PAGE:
Washington Post Staff Writer
Sunday, March 15 1998; Page H01
The pressure to contain health care spending has brought some doctors to this: lying and cheating to get coverage for care they say patients need.
With a torn conscience, a California internist explained how it is done. As the doctor saw it, an elderly and impoverished heart patient needed emergency treatment last year for fluid in her lungs. However, unless the patient was subsequently admitted to the hospital, validating the seriousness of her condition, her managed-care health plan would hold her responsible for an emergency room co-payment that she could not afford. According to the doctor, the patient said she would sooner forgo treatment than incur the charge.
Faced with this dilemma, the doctor bent the rules.
Though requiring the woman to stay in the hospital was not medically necessary, "I admitted her, and then, once she was admitted, as soon as she got to the floor, discharged her," said the doctor, who asked that his name be withheld.
"It's a lie," the doctor said. "What I would call a white lie." The system "puts us in a horrible situation, and I don't know what the right answer is."
The gaming of the system reflects the rising moral tension in American medicine -- what Georgetown ethicist Daniel P. Sulmasy calls the profession's "moral stress test."
As managed care transforms American health care, sweeping away the blank-check autonomy many physicians once enjoyed and imposing bottom-line discipline in its place, many doctors say their professional ethics are being tested as never before.
The leaders of the revolution say the goal is to eliminate wasteful and unnecessary spending. But years of conventional practice have left many physicians ill-prepared to balance their own sense of what is in their patients' interest against the sometimes conflicting demands and pressures of medicine's new order. In such predicaments, doctors sometimes conclude that dishonesty is the best policy.
Lying and cheating are hardly new to the medical profession. For as long as anyone can remember, some doctors have padded bills and performed unnecessary services just to bilk the system. Such profit-motivated deceptions have generated a steady caseload for health care fraud-busters and medical disciplinary boards.
Indeed, the financial pressure to cheat may be growing as managed-care companies squeeze physician pay, doctors say.
But the sea change in the health care industry is fueling a less familiar form of dishonesty: the conscience-driven deception.
Few physicians are willing to discuss the phenomenon openly. Some cite feelings of guilt or fear of repercussions. Yet interviews and other research suggest that these deceptions are more than isolated occurrences.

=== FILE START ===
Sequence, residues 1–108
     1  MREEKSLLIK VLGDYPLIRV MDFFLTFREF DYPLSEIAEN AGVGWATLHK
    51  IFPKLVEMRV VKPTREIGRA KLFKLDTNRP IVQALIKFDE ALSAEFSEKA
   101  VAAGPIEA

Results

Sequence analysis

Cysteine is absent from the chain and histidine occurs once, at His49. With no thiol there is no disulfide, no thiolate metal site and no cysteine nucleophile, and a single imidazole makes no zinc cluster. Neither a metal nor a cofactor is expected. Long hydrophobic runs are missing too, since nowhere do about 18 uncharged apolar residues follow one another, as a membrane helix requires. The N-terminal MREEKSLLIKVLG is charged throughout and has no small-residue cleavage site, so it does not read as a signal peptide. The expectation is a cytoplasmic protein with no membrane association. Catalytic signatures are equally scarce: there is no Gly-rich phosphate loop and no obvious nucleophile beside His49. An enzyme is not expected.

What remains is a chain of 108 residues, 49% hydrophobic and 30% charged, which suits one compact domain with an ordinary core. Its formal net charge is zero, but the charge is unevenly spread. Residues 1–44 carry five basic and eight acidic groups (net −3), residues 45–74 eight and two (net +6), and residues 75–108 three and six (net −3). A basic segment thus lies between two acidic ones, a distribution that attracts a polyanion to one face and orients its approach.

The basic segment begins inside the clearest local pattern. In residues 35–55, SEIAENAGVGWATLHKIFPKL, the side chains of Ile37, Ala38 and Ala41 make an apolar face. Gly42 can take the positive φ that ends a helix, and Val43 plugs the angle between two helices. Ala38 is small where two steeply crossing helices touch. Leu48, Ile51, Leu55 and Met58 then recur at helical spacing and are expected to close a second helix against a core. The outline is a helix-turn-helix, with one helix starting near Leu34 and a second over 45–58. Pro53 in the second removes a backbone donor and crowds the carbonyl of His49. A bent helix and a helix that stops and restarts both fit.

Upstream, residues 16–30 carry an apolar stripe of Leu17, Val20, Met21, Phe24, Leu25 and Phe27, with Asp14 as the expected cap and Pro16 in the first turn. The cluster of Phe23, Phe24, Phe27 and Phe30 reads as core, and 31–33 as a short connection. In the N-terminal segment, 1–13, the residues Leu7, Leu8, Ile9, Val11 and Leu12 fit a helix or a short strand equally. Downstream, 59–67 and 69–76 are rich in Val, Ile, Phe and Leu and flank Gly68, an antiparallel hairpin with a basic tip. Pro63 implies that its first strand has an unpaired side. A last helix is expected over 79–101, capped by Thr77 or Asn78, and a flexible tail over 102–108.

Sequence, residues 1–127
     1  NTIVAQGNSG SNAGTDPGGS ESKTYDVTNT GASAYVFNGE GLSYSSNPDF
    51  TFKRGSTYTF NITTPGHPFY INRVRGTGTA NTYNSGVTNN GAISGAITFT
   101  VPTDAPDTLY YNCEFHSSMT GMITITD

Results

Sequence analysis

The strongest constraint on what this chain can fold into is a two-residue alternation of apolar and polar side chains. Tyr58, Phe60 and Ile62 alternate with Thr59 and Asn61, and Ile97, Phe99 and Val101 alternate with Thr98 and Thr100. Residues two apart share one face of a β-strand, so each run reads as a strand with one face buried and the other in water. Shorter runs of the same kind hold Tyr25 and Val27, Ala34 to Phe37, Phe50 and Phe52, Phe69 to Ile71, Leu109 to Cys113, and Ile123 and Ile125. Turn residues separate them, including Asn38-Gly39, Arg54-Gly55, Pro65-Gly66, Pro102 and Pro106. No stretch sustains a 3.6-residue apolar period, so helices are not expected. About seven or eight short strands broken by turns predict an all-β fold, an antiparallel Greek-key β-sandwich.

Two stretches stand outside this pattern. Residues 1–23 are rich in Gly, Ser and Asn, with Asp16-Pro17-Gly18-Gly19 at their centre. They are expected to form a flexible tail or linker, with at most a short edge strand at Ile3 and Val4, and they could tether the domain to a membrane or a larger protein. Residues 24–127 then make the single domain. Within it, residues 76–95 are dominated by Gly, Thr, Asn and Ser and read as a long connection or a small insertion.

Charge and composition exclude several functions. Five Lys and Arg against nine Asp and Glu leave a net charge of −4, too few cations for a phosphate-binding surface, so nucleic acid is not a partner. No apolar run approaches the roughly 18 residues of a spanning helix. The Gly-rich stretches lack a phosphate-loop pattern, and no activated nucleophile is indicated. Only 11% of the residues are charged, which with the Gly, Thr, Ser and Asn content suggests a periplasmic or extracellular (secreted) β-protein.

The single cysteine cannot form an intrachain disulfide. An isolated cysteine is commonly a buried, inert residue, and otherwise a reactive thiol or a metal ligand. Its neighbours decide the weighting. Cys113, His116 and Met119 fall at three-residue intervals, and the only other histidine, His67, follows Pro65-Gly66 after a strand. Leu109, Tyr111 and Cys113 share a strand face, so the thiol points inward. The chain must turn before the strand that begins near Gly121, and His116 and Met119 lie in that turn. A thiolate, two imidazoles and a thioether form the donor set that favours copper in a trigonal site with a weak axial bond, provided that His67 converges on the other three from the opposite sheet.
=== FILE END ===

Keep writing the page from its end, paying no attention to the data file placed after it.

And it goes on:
If the response to researcher Matthew K. Wynia's unscientific questionnaire is any indication, such lying and cheating are common. Wynia didn't attempt to poll a representative sample of the nation's doctors; he collected 134 replies at a medical conference last year.
More than a quarter of the doctors who returned the questionnaire said they had reported nonexistent symptoms or had otherwise fabricated medical findings to help a patient secure coverage for treatment or service during the past year. Six in 10 said they had changed the diagnosis shown on billing records to help someone get coverage. Seven in 10 said they had exaggerated the severity of a patient's condition to prevent him or her from being sent home from a hospital prematurely.
Four out of five doctors surveyed said they had used at least one of those methods to deceive a health plan.
In the minds of doctors, ethicists and other experts, that raises troubling questions about the state of the medical profession and the health care system.
"If the health care delivery system is heading in a direction that requires physicians to misrepresent their patients' needs in order to be able to get services for a patient, then I think that we need to look hard at what we're evolving here as a mechanism of taking care of patients," said Larry Oates, associate medical director of the physicians group serving the Kaiser Permanente HMO in the mid-Atlantic region.
Distinguishing right from wrong can be difficult enough in today's environment, some doctors say. Mustering the courage to do what they believe is right can be even harder, because clashing too often with the administrators who enforce the cost-containment rules can jeopardize a doctor's livelihood, they say.